Title track Il Fuoco sotto la cenere (Fire under the ashes) is a really good piece of prog which commences with a melodic figure and goes through multiple changes (including a section with a heavy, distorted guitar riff and some excellent organ which reminds me of Biglietto per l’Inferno.) It’s about the state of mind of a person who becomes unable to deal with everyday problems and suppress the rage which has been building up as their inner strength gets worn away, the fire that bursts from the smouldering ashes.

Thomas uses the Great Fire of London as an analogy for our ability to turn a bad situation into an opportunity; fire destroys but it clears the path for new opportunities and life can emerge phoenix-like from the ashes. The organ and guitar work really well together and the vocal melody is nicely underlined with synthesizer. The solo vocals aren’t particularly strong but there are some memorable melodies on the longest track of the album.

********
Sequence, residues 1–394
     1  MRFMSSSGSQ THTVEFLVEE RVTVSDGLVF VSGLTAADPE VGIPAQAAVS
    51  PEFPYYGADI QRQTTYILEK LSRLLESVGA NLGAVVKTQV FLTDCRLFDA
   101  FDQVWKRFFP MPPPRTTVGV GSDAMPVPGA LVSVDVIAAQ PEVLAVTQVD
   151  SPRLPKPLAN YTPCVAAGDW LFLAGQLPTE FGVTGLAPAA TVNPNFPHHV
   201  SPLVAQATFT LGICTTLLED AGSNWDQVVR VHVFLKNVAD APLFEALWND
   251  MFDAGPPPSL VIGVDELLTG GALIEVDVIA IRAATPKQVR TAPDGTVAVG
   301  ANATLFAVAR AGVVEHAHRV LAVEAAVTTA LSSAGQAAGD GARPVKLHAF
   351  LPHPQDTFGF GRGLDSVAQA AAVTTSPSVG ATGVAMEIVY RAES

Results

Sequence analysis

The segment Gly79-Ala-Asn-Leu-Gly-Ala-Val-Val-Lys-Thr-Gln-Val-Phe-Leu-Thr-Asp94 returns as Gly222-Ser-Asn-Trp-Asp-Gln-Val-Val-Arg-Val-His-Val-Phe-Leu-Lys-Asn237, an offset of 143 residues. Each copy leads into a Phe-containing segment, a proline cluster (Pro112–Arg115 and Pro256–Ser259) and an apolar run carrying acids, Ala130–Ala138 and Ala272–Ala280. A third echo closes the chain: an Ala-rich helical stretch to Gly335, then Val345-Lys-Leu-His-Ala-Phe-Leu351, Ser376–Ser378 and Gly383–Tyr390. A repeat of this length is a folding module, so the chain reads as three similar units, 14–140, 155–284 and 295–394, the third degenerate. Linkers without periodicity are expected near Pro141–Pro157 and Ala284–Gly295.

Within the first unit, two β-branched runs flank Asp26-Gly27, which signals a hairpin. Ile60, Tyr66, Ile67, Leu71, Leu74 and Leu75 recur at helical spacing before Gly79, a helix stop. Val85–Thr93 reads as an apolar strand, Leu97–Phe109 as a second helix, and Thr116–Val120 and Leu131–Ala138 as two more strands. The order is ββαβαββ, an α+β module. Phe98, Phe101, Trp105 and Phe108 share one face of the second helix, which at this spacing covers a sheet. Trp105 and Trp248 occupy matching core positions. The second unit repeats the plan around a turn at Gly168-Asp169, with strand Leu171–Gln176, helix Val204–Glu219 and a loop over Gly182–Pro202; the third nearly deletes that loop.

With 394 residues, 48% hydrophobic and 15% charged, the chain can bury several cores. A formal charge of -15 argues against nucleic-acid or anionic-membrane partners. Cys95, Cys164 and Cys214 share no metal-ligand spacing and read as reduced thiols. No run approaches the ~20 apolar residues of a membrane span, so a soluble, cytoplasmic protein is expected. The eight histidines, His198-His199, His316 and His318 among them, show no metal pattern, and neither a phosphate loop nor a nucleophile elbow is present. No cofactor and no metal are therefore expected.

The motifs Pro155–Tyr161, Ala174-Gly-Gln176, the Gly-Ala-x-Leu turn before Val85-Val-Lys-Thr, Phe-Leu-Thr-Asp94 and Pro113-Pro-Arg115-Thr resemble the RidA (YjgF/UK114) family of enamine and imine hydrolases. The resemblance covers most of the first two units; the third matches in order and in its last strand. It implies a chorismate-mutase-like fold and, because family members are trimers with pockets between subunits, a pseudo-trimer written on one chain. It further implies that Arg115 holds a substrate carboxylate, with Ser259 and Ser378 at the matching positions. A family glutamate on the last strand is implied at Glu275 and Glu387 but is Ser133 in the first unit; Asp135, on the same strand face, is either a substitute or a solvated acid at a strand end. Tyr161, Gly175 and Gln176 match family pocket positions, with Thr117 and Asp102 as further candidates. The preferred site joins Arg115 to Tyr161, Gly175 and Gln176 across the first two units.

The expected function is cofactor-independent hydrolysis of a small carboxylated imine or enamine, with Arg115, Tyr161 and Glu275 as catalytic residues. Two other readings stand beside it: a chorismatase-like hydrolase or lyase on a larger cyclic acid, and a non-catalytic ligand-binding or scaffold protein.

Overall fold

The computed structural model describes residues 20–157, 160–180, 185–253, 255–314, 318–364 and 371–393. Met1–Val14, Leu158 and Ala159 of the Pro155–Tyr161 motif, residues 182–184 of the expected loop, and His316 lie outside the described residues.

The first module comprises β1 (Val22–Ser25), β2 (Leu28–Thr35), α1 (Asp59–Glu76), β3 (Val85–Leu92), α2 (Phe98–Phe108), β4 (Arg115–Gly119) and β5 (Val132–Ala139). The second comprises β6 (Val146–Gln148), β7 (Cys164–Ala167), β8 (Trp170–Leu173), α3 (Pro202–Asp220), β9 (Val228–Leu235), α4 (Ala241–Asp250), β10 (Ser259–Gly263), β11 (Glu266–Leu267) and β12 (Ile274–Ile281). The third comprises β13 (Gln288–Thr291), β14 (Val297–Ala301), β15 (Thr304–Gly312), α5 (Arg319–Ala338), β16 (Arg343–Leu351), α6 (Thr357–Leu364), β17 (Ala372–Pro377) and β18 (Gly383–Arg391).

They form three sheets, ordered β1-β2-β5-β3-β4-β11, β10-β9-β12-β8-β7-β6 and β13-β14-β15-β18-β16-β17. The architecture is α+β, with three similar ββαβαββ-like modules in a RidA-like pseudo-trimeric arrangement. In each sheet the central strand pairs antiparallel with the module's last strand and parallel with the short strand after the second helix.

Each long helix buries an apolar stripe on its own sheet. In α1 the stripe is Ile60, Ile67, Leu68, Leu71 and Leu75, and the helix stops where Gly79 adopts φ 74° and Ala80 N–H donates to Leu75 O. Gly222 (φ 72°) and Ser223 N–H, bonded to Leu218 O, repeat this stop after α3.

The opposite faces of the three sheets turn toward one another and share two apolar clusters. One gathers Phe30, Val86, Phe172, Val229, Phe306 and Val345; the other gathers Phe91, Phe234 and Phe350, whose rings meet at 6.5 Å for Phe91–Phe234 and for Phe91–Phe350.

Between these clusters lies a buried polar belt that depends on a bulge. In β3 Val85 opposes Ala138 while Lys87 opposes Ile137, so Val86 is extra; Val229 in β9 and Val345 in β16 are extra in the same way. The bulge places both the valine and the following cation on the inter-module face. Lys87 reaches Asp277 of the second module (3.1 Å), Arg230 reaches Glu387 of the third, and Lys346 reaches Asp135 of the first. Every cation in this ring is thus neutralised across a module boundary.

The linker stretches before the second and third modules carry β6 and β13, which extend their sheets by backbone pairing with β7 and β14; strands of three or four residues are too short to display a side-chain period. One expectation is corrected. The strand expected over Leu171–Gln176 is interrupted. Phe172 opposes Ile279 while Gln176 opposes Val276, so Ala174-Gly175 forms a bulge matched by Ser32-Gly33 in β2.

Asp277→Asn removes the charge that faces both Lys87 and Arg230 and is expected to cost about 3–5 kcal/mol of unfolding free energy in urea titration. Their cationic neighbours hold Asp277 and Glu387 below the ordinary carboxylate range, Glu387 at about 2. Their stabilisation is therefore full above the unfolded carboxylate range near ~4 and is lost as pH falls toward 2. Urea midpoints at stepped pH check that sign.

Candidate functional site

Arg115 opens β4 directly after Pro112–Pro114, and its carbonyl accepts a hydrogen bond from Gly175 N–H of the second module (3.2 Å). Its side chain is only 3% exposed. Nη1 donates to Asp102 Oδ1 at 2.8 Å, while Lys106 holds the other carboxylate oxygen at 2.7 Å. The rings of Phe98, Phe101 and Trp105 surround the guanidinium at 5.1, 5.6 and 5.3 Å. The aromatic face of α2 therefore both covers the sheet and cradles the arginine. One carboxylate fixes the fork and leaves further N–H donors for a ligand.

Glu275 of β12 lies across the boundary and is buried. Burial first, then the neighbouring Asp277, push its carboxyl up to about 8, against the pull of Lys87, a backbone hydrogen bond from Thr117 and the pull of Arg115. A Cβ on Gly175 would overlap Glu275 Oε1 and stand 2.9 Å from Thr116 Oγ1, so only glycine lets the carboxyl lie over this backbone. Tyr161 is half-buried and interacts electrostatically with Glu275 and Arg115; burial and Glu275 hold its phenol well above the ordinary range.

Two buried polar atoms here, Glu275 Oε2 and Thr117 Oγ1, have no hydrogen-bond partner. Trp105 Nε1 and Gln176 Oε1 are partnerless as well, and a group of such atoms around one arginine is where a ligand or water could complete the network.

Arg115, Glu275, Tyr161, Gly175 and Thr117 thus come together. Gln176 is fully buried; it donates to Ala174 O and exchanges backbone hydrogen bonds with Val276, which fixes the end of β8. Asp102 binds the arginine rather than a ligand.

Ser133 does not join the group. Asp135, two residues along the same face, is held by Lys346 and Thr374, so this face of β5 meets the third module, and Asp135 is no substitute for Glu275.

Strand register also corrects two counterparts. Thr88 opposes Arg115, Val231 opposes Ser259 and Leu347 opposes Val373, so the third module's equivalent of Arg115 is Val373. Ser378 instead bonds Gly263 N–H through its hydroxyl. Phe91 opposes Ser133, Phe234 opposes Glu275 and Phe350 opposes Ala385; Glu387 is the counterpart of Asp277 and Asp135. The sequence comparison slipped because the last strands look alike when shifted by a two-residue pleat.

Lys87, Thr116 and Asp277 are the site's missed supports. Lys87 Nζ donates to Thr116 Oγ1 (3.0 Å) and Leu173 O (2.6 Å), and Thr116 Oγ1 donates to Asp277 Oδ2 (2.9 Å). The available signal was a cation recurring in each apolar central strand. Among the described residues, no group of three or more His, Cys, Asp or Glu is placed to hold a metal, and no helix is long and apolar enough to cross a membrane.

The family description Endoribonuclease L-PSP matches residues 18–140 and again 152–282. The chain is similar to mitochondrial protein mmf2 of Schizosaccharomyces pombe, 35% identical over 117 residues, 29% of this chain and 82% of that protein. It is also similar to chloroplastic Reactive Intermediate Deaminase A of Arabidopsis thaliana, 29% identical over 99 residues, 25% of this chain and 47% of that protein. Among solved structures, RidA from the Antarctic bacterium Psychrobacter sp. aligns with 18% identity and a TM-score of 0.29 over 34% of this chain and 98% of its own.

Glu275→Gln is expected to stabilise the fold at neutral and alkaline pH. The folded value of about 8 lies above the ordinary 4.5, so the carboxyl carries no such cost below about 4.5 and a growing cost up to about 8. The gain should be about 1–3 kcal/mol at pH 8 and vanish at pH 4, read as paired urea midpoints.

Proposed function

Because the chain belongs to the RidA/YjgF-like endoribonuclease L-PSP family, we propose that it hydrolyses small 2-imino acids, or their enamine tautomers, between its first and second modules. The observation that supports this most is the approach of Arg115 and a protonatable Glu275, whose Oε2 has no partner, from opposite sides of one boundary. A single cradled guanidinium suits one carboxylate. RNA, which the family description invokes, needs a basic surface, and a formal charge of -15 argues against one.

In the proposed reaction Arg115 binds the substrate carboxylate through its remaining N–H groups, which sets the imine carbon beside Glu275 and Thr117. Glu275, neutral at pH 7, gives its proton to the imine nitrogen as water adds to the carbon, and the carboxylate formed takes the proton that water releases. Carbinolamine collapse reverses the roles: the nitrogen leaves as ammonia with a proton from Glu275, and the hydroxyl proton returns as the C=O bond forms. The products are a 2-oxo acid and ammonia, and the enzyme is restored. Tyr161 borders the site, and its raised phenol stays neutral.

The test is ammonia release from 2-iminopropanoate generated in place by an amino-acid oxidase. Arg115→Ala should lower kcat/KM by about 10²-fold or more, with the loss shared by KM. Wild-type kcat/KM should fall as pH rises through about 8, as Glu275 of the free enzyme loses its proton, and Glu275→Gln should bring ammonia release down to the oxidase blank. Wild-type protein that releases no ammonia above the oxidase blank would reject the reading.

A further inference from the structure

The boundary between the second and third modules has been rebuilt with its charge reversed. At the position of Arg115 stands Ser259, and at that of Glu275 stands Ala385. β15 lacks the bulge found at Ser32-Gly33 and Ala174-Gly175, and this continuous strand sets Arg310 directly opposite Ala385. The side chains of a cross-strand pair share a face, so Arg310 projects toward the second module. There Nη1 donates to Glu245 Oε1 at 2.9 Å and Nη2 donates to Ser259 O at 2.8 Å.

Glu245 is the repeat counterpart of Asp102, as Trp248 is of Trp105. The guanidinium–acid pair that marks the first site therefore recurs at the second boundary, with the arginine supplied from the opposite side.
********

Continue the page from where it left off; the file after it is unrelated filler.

Per sempre qui (Forever here) relates the story of a character who spent much of his life away from his homeland in exchange for prosperity but in the end, the desire to return to his origins, the ‘fire under the ashes’ prevails over the materialistic urges. This is a relatively short number, sung with great emotion by special guest Pino Ballarini on the recommendation of Black Widow Records and who, it transpires was perfectly placed to narrate the song because the sentiment coincides with his personal story.